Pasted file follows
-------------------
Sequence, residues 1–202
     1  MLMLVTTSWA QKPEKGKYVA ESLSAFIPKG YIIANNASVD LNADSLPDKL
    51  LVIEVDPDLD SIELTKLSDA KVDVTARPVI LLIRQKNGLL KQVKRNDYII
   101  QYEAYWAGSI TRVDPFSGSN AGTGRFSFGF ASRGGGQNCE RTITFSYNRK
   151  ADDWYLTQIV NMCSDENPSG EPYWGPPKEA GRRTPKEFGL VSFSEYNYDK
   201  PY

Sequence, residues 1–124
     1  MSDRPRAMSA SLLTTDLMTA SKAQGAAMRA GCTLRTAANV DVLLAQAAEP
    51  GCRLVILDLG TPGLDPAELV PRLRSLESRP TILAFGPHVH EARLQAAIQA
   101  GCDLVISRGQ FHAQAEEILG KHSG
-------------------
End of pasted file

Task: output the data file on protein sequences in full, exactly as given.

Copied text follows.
Sequence, residues 1–202
     1  MLMLVTTSWA QKPEKGKYVA ESLSAFIPKG YIIANNASVD LNADSLPDKL
    51  LVIEVDPDLD SIELTKLSDA KVDVTARPVI LLIRQKNGLL KQVKRNDYII
   101  QYEAYWAGSI TRVDPFSGSN AGTGRFSFGF ASRGGGQNCE RTITFSYNRK
   151  ADDWYLTQIV NMCSDENPSG EPYWGPPKEA GRRTPKEFGL VSFSEYNYDK
   201  PY

Sequence, residues 1–124
     1  MSDRPRAMSA SLLTTDLMTA SKAQGAAMRA GCTLRTAANV DVLLAQAAEP
    51  GCRLVILDLG TPGLDPAELV PRLRSLESRP TILAFGPHVH EARLQAAIQA
   101  GCDLVISRGQ FHAQAEEILG KHSG